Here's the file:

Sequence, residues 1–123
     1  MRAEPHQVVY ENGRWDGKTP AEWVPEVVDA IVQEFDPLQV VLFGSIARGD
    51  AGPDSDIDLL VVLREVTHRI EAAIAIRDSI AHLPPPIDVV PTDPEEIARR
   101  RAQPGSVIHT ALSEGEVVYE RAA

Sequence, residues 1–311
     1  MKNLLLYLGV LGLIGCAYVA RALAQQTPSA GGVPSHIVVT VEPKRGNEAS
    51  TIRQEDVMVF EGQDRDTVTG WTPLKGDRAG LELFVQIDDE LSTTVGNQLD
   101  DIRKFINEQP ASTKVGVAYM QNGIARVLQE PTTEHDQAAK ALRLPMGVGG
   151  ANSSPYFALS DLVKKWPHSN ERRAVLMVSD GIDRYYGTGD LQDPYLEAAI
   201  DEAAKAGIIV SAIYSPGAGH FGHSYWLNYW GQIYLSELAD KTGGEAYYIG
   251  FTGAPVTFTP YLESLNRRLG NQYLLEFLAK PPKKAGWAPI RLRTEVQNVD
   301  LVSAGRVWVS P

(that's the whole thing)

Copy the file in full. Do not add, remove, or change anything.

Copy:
Sequence, residues 1–123
     1  MRAEPHQVVY ENGRWDGKTP AEWVPEVVDA IVQEFDPLQV VLFGSIARGD
    51  AGPDSDIDLL VVLREVTHRI EAAIAIRDSI AHLPPPIDVV PTDPEEIARR
   101  RAQPGSVIHT ALSEGEVVYE RAA

Sequence, residues 1–311
     1  MKNLLLYLGV LGLIGCAYVA RALAQQTPSA GGVPSHIVVT VEPKRGNEAS
    51  TIRQEDVMVF EGQDRDTVTG WTPLKGDRAG LELFVQIDDE LSTTVGNQLD
   101  DIRKFINEQP ASTKVGVAYM QNGIARVLQE PTTEHDQAAK ALRLPMGVGG
   151  ANSSPYFALS DLVKKWPHSN ERRAVLMVSD GIDRYYGTGD LQDPYLEAAI
   201  DEAAKAGIIV SAIYSPGAGH FGHSYWLNYW GQIYLSELAD KTGGEAYYIG
   251  FTGAPVTFTP YLESLNRRLG NQYLLEFLAK PPKKAGWAPI RLRTEVQNVD
   301  LVSAGRVWVS P